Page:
OPEN:Fading Star - Shining light: Integrating an evidence-based decision support system for in situ preservation of waterlogged archaeological remains

Lead Research Organisation: University of York
Department Name: Chemistry

Abstract

Across the UK and Europe, a policy of preserving an archaeological site in situ (leaving it unexcavated) for the benefit of future generations is widely pursued, according with UK and EU government planning policy. However, recent research, notably a NERC-funded project focused on the Mesolithic site of Star Carr, indicates that this policy is not always advisable. In some cases, changing environmental conditions may accelerate the decay of organic remains such as bone and wood left in situ.

Waterlogged sites are most at risk, as they are more susceptible to environmental change; however, these are also the sites that contain an abundance of organic materials, which aren't preserved at other sites, making them valuable cultural assets. In the UK, examples of archaeologically significant waterlogged sites are abundant, and include Sweet Track (a prehistoric wooden trackway across the Somerset levels) and Must Farm (a Bronze Age site where recently numerous rare log boats have been excavated, and a wooden wheel, described by the excavators "unprecedented in terms of size and completeness").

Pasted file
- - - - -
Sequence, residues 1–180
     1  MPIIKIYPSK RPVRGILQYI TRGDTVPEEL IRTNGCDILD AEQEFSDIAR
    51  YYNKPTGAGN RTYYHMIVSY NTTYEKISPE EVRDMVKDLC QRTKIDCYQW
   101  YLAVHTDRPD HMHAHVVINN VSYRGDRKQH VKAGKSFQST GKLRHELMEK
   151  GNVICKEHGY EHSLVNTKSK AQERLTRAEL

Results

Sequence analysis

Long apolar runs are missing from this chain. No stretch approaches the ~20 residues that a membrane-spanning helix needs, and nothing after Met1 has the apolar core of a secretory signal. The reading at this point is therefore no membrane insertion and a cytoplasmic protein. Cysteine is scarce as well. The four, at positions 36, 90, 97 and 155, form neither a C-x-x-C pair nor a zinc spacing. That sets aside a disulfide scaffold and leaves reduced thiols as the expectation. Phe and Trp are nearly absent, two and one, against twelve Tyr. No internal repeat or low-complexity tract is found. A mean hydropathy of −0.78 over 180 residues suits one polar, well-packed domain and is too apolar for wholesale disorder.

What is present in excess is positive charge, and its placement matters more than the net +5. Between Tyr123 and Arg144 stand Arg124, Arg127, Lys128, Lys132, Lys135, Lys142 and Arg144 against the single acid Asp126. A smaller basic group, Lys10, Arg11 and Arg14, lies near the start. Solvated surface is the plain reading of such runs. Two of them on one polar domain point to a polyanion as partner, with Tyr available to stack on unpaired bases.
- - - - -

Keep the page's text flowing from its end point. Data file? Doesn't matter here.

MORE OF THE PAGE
A wealth of research into the factors contributing to successful in situ preservation has been carried out in both academic and cultural management sectors throughout Europe. Through this research it has become clear that a comprehensive assessment of potential environmental risks to a site, and the state of preservation of organic artefacts should be carried out prior to deciding how an archaeological site should be managed. However, there is currently a lack of standardisation of how this assessment is conducted.

The NERC-funded "Fading Star" PhD CASE studentship developed a number of cheap, easily applicable and informative tests by which organic preservation could be assessed and monitored. Levels of deterioration were then consolidated with geochemical data, allowing the effects of site geochemistry on organic preservation to be determined The aim of this proposal is to enable those tests to be utilised by the wider archaeological community to assess the preservation potential (and recognise rapid degradation) of other waterlogged sites.

Key to the success of this fellowship is working closely with Historic England, who currently provide guidance on preservation in situ, and archaeological field units, who undertake developer-funded assessments and excavations. This will allow the knowledge gained from the study at Star Carr to be successfully translated to people who work directly with archaeological excavations (ranging from archaeological professionals to volunteers), so that all relevant information can be taken into account both during and after excavations.